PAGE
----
Create A Positive Candidate Experience

In today’s competitive candidate market, it’s critical that candidates have a positive interview experience so that, even if they don’t get the position, they will speak highly of you and will be open to your outreach if they are suited to a position in the future.

  • Communication: One of the most important elements of creating a positive experience is communication. Keep the candidate informed throughout the process about timing, who they will be meeting with (names, titles, LinkedIn profile), when and where they will be meeting, etc. Make sure that you let candidates know how long they should allow for their interview(s) so that they can plan accordingly. And keep them apprised of their status. If a decision is getting delayed, let them know that.
  • Comfort: Make the candidate feel comfortable throughout the process to elicit more honest and genuine answers. Be warm and inviting and have a comfortable, private setting for the interview. Don’t ask quirky questions that are intended to throw a candidate off guard. Reassure the candidate of the confidentiality of the interview process, and honor that confidentiality.
  • Respect: Candidates are devoting time and energy to the interview process and are often navigating interviews while they’re working full time, so it’s important to respect their time. Make sure that your interviews are designed to get the information you need to evaluate a candidate as quickly as possible. Avoid calling candidates back for multiple interviews where they are asked the same questions by different interviewers. Start and end your interviews on time. And follow up with candidates who have interviewed with you and were not selected. If a candidate has gone through a couple of rounds of interviews, they deserve a phone call to update them on the status and let them know they were not selected.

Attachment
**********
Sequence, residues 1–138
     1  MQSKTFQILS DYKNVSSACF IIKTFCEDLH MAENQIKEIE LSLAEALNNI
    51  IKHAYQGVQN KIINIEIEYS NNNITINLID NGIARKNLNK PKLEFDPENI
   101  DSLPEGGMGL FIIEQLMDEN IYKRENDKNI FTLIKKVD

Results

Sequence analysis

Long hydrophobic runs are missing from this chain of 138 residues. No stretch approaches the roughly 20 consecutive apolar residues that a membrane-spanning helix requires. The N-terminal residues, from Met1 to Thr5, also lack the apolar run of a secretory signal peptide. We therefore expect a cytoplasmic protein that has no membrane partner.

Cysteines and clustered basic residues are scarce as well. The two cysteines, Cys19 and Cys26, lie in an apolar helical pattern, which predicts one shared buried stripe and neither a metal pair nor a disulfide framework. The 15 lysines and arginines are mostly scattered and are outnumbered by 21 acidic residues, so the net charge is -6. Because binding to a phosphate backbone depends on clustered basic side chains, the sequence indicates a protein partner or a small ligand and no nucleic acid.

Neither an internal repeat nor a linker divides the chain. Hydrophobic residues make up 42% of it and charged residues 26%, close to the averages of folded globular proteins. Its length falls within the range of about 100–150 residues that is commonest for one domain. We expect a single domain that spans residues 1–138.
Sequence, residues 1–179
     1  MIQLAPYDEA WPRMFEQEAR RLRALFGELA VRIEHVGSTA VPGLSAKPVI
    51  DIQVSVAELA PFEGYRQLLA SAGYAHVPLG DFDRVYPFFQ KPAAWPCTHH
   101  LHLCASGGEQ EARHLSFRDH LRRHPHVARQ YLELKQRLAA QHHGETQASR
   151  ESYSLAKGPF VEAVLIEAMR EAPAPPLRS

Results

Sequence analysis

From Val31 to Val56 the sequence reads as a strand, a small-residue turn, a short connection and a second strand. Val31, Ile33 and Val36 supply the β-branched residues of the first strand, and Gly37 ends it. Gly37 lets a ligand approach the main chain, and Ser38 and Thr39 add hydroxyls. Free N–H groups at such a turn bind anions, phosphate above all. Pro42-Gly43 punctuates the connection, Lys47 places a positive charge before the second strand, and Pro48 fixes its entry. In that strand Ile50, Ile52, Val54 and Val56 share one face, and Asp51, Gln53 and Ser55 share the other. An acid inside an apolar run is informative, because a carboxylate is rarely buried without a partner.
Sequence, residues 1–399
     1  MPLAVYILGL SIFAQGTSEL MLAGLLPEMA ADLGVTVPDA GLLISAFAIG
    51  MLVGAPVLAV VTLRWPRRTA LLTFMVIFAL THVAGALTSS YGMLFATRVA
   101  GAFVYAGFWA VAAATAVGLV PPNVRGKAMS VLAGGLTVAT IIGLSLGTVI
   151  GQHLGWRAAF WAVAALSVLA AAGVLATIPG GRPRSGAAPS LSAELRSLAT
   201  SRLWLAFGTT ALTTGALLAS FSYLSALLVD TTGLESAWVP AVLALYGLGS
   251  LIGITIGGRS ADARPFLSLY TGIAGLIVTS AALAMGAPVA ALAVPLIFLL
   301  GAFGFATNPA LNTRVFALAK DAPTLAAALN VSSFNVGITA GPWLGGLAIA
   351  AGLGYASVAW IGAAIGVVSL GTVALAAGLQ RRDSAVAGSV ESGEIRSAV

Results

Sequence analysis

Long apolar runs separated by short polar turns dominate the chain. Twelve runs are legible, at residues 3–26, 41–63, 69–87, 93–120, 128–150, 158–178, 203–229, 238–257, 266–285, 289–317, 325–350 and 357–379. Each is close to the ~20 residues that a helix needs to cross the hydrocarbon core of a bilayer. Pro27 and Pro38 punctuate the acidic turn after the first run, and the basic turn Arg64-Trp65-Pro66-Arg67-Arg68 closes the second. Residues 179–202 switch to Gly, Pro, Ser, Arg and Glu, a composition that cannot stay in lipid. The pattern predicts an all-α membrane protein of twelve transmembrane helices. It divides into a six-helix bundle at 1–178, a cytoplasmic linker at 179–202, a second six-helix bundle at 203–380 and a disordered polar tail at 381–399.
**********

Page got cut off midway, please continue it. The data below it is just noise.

By following these recommendations, you will set the foundation for identifying the best candidates for your company and job opportunity, and will guide top candidates through the entire process in the most professional, respectful and productive way. Stay tuned for Part Two in this series, and please reach out to the expert recruiters at KMA for help filling your job openings.